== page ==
Hard skills undoubtedly play a vital part in an employee’s success at a small business. From troubleshooting tech problems to keeping financial records, these competencies enable workers to perform specific job-related duties essential to small business operations.
But a recent CareerBuilder survey showed that the vast majority of employers (77 percent) believe that an employee’s soft skills (less tangible skills associated with one’s personality and ability to relate to others) are just as important as hard skills. In fact, 16 percent of employers said soft skills are more important than hard skills when evaluating candidates for a job.
In order to form a team of employees with outstanding soft skills, you must first determine which soft skills are most vital to your small business. Prized attributes vary by workplace, but four of the most desirable at a small business oftentimes include:
When staff size is limited, every employee’s actions count. Small business owners need workers they can rely on to meet deadlines, deliver quality work, prioritize tasks and act in the best interests of the company. In the CareerBuilder survey, dependability and work ethic tied for the top spot when employers listed the soft skills they look for when hiring.
Members of a small business team must juggle many roles. People who can adapt to the company’s ever-changing needs and aren’t afraid to step out of their comfort zones are invaluable to a small business.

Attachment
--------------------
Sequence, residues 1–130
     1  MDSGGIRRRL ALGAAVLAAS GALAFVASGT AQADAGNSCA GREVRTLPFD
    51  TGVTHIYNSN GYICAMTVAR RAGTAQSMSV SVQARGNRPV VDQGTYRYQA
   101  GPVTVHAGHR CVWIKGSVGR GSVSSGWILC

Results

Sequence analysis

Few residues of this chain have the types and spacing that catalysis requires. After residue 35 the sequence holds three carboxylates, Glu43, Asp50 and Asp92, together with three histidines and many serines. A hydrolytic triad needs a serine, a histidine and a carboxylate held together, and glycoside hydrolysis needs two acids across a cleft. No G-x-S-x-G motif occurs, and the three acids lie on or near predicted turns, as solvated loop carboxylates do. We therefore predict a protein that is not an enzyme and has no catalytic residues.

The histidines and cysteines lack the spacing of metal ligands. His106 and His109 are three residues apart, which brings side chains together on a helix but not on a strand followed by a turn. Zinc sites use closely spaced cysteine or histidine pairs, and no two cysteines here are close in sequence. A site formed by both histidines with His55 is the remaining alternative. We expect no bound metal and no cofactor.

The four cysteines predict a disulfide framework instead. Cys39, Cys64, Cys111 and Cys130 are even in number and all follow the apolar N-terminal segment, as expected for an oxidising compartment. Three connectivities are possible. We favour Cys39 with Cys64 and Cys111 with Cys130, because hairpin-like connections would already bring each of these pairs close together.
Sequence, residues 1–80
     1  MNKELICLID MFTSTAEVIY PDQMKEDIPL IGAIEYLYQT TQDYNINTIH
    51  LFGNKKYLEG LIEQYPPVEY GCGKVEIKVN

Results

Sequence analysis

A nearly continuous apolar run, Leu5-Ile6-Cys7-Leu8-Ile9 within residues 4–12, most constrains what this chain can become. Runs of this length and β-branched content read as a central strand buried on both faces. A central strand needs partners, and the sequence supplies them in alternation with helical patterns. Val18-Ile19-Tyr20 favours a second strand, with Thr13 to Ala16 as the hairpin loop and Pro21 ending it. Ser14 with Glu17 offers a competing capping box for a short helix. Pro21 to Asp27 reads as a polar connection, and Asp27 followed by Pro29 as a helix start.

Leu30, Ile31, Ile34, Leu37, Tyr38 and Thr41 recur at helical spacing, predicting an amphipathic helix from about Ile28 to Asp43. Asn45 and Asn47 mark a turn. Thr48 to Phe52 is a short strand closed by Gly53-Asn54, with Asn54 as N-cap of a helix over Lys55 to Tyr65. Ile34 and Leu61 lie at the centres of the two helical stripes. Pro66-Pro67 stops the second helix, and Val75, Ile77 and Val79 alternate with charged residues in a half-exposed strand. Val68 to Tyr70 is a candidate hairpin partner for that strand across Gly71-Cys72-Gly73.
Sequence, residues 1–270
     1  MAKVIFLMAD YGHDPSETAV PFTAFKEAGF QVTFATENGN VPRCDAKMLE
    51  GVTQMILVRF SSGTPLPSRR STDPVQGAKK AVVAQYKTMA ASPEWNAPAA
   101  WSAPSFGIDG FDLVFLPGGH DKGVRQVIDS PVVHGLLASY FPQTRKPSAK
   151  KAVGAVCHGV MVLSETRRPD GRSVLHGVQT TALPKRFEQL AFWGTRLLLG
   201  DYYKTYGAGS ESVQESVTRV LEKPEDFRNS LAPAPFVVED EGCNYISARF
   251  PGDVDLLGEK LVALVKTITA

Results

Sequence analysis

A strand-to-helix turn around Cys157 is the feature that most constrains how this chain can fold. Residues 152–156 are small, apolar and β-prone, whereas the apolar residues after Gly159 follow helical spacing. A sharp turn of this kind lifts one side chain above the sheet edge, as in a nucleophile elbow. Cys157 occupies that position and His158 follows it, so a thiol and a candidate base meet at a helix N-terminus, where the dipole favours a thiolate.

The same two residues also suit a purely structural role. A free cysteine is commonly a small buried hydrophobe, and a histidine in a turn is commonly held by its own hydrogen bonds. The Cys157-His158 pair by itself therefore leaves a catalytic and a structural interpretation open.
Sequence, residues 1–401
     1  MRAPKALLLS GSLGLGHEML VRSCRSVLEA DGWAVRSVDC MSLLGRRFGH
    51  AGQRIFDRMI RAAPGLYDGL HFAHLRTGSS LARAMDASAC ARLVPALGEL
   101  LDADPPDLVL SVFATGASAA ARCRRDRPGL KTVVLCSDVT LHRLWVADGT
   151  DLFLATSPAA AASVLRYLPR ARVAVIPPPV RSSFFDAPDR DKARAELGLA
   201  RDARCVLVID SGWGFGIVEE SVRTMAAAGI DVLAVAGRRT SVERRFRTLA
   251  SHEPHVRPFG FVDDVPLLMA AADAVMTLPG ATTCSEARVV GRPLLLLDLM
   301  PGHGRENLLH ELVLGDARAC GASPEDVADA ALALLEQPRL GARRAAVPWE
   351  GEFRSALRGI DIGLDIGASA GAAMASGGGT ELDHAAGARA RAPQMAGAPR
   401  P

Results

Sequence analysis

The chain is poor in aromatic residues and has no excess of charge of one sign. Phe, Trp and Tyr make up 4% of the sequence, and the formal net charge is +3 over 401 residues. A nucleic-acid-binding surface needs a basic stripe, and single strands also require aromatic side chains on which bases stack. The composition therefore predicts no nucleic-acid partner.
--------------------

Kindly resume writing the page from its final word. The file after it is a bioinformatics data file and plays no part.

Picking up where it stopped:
Innovators push small businesses to think outside the box to operate effectively, stay competitive and reach new heights. And because lack of resources tends to be a problem for most small businesses, what company couldn’t use a creative problem-solver who can do more with less?
In tight quarters, one bad apple quickly spoils the bunch. But workers who can embrace change, remain confident and lift spirits keep themselves and others motivated. Research shows that, of new hires who failed within 18 months, 89 percent of the time it was due to attitudinal reasons (only due to lack of skill 11 percent of the time).
Soft skills, however, can be difficult to measure objectively and even more difficult to spot in potential employees. But small business owners can take the following steps to build a team with the attributes they desire:
- Interview with care. Place as much emphasis on evaluating candidates’ soft skills as you would their hard skills. Ask about times the candidate had to overcome a challenge, work with a team, or learn something new. Inquire about time-management strategies. Then, call references to see what they have to say about the potential hire’s attitude and actions.
- Teach soft skills. Is someone on your small business staff a to-do list wizard? Assign that person to mentor colleagues less adept at prioritizing and organizing. Or perhaps everyone on the team could benefit from viewing a webinar on expanding creativity or reading a book on increasing positivity.
- Set goals. Work with each individual to determine which soft skills could use improvement. Create an action plan, and set a time-frame for evaluation of progress. When members of your small business team know which attributes you require of employees, they’ll work on developing these soft skills just as they would hard ones.
Set your employees up for success. Check out How to Develop Your Small Business Employees Into Leaders.